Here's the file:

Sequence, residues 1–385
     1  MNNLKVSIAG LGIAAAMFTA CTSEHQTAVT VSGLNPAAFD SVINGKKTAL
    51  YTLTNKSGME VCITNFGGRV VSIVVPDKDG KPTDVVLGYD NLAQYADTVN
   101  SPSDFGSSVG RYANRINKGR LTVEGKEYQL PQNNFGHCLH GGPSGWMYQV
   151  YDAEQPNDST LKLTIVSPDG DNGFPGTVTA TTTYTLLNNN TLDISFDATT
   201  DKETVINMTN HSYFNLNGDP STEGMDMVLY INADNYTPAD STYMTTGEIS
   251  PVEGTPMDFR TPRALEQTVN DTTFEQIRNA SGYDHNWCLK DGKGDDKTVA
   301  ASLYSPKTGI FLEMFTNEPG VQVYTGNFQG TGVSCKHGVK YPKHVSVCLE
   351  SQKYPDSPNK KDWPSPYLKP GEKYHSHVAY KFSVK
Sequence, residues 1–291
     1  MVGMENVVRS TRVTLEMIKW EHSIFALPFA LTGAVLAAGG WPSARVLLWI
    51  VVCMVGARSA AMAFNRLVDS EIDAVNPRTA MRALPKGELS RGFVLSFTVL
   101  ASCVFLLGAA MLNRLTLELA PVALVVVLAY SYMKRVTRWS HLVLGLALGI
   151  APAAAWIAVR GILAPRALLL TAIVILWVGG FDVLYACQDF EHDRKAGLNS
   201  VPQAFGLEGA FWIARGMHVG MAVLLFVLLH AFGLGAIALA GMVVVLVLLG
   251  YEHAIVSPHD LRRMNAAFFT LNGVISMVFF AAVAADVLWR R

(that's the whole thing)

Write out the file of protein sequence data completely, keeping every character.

Sequence, residues 1–385
     1  MNNLKVSIAG LGIAAAMFTA CTSEHQTAVT VSGLNPAAFD SVINGKKTAL
    51  YTLTNKSGME VCITNFGGRV VSIVVPDKDG KPTDVVLGYD NLAQYADTVN
   101  SPSDFGSSVG RYANRINKGR LTVEGKEYQL PQNNFGHCLH GGPSGWMYQV
   151  YDAEQPNDST LKLTIVSPDG DNGFPGTVTA TTTYTLLNNN TLDISFDATT
   201  DKETVINMTN HSYFNLNGDP STEGMDMVLY INADNYTPAD STYMTTGEIS
   251  PVEGTPMDFR TPRALEQTVN DTTFEQIRNA SGYDHNWCLK DGKGDDKTVA
   301  ASLYSPKTGI FLEMFTNEPG VQVYTGNFQG TGVSCKHGVK YPKHVSVCLE
   351  SQKYPDSPNK KDWPSPYLKP GEKYHSHVAY KFSVK
Sequence, residues 1–291
     1  MVGMENVVRS TRVTLEMIKW EHSIFALPFA LTGAVLAAGG WPSARVLLWI
    51  VVCMVGARSA AMAFNRLVDS EIDAVNPRTA MRALPKGELS RGFVLSFTVL
   101  ASCVFLLGAA MLNRLTLELA PVALVVVLAY SYMKRVTRWS HLVLGLALGI
   151  APAAAWIAVR GILAPRALLL TAIVILWVGG FDVLYACQDF EHDRKAGLNS
   201  VPQAFGLEGA FWIARGMHVG MAVLLFVLLH AFGLGAIALA GMVVVLVLLG
   251  YEHAIVSPHD LRRMNAAFFT LNGVISMVFF AAVAADVLWR R